You do not (as that wonderful sign suggested) run from club to club wondering which one will get busy first. You don't care about flirting from asset to asset: your only concern is to position yourself properly in a winning one. The fundamentals will come into play: is this a place that, despite being currently pretty empty, will likely be attractive to lots of people once the night gets kicking? If so, that's where you set up your base. Get a table for cheap/free since there's no one there (remember, we win this particular game by being seen as important even though we are not) and get friendly with the staff since you have time to spare. If you really want to elevate your game, invite a few other people from your social network to hang out there with you - buzz builds buzz.

You might be wrong - that's the downside of taking risks. But if you make good decisions you will almost certainly be better off than the sheep who flirts from experience to experience trying to find the 'right one'. That sheep will spend more time in line (or money bribing their way past) than they will actually bathing in their prize.

So what's my tl;dr point here?

It's 10:00 dude. None of the clubs are busy right now. So get a fucking table, and get to know the bartender. Enjoy yourself before the crowds arrive, because it's gonna be one hell of a night and you do not want to be stuck in that line outside once this place gets in full swing.


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Monero
XMR Open Alias: phishead@xmr.id
"I just opened a 2004 barolo in your and all the devs honour"  eyejay:  Decemeber 22nd, 2016
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October 01, 2017, 05:27:36 PM
 #33019

the winner-take-all approach to block rewards. I don't have a solution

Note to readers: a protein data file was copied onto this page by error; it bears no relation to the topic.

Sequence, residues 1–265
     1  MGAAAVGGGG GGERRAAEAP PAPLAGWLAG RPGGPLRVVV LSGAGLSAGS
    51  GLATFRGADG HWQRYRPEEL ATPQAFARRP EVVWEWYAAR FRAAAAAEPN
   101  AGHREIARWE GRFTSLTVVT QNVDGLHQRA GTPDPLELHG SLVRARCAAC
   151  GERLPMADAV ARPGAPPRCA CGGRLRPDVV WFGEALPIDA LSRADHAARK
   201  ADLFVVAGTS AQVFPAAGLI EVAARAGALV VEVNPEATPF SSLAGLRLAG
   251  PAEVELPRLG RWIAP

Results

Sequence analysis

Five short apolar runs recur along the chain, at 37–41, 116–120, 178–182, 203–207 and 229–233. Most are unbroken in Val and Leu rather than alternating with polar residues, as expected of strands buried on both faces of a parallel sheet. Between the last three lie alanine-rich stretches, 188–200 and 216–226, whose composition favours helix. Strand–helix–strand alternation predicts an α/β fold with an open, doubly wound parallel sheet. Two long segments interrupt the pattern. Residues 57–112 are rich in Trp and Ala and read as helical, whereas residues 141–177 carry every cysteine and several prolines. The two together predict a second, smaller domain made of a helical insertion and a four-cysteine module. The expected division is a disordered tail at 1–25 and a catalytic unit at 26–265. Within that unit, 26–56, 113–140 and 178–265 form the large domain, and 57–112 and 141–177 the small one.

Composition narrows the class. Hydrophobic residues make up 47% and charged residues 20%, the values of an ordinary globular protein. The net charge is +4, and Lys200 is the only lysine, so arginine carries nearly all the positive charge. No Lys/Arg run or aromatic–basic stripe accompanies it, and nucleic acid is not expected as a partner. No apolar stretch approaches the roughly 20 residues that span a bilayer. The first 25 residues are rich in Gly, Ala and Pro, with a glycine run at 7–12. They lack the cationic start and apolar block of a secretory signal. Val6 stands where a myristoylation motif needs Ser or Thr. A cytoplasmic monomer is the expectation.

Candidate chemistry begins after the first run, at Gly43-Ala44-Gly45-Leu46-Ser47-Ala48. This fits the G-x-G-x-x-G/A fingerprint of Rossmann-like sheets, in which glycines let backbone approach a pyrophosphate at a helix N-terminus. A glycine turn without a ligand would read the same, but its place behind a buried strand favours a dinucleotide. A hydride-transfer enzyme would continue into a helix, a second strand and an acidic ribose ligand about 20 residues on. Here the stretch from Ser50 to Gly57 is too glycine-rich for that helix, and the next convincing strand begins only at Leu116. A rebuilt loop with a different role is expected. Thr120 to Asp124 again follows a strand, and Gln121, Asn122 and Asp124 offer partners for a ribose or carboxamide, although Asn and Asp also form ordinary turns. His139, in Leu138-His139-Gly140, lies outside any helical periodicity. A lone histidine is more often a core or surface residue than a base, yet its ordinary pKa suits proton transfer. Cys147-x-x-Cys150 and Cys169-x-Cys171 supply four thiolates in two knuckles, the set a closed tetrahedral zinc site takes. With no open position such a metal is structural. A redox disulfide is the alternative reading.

As I understand it, ETH handles this by giving a (reduced) reward to "uncles" mined before the winner is commited. It is a significant decentralizing influence, AFAICT.  Personally, I think that being a viable CPU coin saves XMR from centralization of mining.  The barrier to entry for browser mining is so low, any moderately competent user of enscripten can roll one in a few hours.  I would be surprised if there wasn't one on GitHub already, in fact.

Give a man a fish and he eats for a day.  Give a man a Poisson distribution and he eats at random times independent of one another, at a constant known rate.
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October 01, 2017, 06:55:03 PM
 #33020


S.O.P. for Monero.
Look at what just happened.  Early August, XMR lost about a third of its value in less than a week.  Bet you were discouraged then, too.  Guess what?  Super bear trap.
Immediately the xmr/btc exchange rate proceeded to triple in a matter of days.
Don't let Composite Man psych you out.
Feel like selling?  May be your chance to buy.
I get pretty annoyed myself at the way the price seems to move with the deliberate attention of faking you out or just pissing you off totally.
Yeah, it goes down like a lead balloon at times.  Look at what happens if you hold on, though.

Yeah, I've been around for a while...  I'm familiar with the way XMR can be very fickle from a speculation perspective.

It is what it is, and at times it is tiresome.

But emotions are exactly as fickle as markets.  I've learned to keep them in check.  I can control emotions even if I cannot markets.  But I will not pretend I do not believe XMR is exceedingly undervalued against XBT and the current value of USD.

This just reminded me of this 10/10 post by the legendary AmericanPegasus two years ago; this kept me from doing stupid things when I was just getting introduced to crypto after I stumbled on /r/Monero... hopefully it will prevent some people from doing potentially stupid things right now.

https://www.reddit.com/r/Monero/comments/3mwx9g/if_you_want_to_understand_how_to_make_money/

Quote from: AmericanPegasus